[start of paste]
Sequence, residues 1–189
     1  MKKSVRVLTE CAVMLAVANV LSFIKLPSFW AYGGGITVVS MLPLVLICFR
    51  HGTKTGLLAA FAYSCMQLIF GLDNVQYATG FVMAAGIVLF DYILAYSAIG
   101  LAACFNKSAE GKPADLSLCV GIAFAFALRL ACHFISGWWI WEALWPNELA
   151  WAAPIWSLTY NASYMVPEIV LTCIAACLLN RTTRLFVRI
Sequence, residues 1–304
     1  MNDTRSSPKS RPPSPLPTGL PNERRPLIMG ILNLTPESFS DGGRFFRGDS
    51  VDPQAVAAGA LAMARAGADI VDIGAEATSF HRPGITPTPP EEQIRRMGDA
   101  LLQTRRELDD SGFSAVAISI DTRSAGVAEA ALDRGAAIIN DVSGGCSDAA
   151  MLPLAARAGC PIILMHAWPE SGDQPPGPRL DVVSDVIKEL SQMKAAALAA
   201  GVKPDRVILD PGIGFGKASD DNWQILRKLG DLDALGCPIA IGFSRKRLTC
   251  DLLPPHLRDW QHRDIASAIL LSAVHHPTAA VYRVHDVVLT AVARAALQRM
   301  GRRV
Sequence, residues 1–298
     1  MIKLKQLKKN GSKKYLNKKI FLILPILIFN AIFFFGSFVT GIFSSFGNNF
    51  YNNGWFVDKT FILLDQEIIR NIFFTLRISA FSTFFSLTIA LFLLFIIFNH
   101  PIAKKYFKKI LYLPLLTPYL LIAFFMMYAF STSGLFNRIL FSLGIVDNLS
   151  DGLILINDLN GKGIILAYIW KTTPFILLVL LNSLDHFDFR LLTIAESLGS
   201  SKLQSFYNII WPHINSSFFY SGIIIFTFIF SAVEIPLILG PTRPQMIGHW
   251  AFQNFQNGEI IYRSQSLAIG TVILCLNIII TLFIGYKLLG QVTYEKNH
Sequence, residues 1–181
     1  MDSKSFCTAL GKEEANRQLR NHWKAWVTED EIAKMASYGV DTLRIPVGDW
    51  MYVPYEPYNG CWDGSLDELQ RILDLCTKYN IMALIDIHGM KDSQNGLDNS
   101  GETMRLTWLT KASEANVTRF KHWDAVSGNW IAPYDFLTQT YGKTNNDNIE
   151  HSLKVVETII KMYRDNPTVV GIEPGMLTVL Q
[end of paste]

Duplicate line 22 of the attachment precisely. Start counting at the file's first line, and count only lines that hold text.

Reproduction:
     1  MDSKSFCTAL GKEEANRQLR NHWKAWVTED EIAKMASYGV DTLRIPVGDW